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The number of people talking publicly about smear tests in the last week has quite literally blown us away. Our message for Cervical Cancer Prevention Week was ‘attend your smear test, reduce your risk of cervical cancer’ and during the week over 300 stories in the UK media helped us raise vital awareness, a debate in the House of Commons brought the issue to the attention of MPs and thousands of #SmearForSmear selfies were shared by women, men, organisations, celebrities, workplaces and families.
Our reach through the media and social media alone was well over 350 million people.
We’ve seen women sharing personal stories:
Please don’t ignore those letters ladies! I did- ended up having a scary stressful time and a LLETZ procedure. Don’t ignore!
Women offering advice and reassurance:
If anyone is putting off going because they’re worried then be assured that it’s not scary or painful at all!
Try breathing exercises to help you relax
It’s okay and completely normal to be scared…talk to your doctor about it, any good doctor will take your concerns seriously and hopefully have some helpful suggestions such as talking you through the process thoroughly before and during and maybe even allowing you to have somebody in the room with you
Women encouraging or even asking their friends to book theirs, and so many comments from women who have been reminded or encouraged to book their test:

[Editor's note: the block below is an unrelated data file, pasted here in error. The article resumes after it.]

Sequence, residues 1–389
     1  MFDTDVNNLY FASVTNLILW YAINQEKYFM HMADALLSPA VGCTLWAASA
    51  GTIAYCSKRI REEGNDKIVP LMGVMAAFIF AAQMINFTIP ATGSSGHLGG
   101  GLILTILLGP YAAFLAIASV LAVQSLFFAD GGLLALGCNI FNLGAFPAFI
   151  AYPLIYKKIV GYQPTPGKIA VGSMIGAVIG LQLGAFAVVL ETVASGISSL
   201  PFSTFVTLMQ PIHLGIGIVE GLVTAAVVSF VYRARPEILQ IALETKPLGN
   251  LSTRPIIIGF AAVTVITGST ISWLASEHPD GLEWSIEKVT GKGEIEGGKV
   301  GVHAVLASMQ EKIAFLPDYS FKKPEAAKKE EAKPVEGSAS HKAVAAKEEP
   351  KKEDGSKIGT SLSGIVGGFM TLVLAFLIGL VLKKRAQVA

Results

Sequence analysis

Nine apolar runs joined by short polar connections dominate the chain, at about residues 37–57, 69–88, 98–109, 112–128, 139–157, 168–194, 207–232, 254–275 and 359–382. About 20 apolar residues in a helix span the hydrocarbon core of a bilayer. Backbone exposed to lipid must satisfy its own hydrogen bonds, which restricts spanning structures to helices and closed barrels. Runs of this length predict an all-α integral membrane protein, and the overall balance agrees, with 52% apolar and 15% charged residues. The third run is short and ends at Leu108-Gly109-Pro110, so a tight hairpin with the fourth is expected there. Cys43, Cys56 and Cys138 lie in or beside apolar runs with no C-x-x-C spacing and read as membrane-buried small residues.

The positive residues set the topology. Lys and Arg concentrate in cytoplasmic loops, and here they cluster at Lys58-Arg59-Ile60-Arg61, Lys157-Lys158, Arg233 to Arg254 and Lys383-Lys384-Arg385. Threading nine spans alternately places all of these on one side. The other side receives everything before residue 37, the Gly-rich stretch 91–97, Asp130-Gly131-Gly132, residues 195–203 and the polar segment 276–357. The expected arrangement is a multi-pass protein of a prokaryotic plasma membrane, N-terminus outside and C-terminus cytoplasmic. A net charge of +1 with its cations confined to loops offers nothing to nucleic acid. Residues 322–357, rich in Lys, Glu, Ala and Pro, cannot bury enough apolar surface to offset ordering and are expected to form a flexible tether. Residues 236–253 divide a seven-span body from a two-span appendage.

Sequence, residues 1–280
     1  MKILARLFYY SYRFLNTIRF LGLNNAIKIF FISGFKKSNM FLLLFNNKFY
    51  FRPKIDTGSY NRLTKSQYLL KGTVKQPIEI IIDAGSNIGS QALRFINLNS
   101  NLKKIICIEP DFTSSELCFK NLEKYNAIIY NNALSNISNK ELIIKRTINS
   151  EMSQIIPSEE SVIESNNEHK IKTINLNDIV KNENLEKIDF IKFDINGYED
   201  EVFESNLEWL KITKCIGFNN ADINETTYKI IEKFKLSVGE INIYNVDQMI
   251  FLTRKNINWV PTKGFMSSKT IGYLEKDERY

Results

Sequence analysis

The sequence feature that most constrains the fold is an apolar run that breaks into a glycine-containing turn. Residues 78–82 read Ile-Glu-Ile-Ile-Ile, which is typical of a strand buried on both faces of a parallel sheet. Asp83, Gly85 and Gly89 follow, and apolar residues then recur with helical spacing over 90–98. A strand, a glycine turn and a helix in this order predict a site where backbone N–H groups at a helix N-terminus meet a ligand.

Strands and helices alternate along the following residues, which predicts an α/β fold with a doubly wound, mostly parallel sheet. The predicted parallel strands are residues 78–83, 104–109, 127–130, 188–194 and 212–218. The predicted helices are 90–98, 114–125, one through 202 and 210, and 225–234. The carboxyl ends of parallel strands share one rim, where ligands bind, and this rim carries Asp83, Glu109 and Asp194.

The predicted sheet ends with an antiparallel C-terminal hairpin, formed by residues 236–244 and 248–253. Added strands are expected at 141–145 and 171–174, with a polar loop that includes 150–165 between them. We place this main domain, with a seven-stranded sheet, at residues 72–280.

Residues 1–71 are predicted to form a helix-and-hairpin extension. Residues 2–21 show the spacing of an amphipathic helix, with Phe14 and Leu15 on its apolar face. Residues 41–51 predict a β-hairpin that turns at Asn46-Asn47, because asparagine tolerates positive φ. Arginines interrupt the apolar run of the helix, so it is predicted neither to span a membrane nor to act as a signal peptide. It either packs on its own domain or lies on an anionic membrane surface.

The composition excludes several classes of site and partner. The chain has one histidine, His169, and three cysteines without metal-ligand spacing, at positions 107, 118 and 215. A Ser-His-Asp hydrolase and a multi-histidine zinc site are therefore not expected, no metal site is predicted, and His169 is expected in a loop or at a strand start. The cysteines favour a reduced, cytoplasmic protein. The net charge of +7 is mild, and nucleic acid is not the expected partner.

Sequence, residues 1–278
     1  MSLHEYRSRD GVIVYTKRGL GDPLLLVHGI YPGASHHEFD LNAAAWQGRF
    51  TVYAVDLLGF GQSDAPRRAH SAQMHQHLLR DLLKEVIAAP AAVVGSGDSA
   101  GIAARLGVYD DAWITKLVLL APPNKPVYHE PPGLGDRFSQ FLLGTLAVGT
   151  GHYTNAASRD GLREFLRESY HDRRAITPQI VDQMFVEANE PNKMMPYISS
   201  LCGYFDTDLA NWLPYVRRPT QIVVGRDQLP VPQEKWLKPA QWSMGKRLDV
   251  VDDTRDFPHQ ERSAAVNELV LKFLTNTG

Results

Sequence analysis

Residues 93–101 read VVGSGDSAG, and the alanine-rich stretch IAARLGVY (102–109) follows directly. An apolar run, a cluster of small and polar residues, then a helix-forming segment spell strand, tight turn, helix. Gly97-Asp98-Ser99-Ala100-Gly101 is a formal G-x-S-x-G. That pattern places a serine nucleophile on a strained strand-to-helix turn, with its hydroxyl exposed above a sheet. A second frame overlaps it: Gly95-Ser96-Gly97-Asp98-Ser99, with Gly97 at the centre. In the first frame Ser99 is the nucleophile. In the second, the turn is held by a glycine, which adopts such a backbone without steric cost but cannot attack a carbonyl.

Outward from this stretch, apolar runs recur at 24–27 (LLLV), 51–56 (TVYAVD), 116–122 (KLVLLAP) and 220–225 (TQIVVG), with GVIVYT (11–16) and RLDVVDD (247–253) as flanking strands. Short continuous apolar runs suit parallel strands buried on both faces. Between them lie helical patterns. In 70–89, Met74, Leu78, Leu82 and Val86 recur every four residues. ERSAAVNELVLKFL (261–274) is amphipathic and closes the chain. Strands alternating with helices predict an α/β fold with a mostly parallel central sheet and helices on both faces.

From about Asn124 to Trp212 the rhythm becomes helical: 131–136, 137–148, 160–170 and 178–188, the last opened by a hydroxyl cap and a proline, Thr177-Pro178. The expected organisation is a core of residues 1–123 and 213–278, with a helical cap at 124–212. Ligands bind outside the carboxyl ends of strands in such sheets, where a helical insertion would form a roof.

Booked mine this morning after avoiding, forgetting and just not bothering
Thanks for the reminder! Haven’t had one for 9 years….
But our work is not over.
Cervical cancer is the most common cancer in women under 35 yet one in three women aged 25-29 are not attending their smear test when invited. Furthermore our latest research found over two thirds of women in this age group don’t think smear tests reduce a woman’s risk of cervical cancer, a third put off attending and over a quarter are too embarrassed to attend. We need to change this.
Launching this week across the UK is a new advertising campaign, funded by the Tampon Tax and designed to tackle some of the barriers to attending a smear test that we identified among this age group through our research. We also want more women to know that support and information about smear tests and cervical cancer is available to them 24 hours a day 7 days a week.
It’s hard hitting and we hope it will generate conversation, make women think and most importantly increase awareness of the role of smear tests in preventing cervical cancer.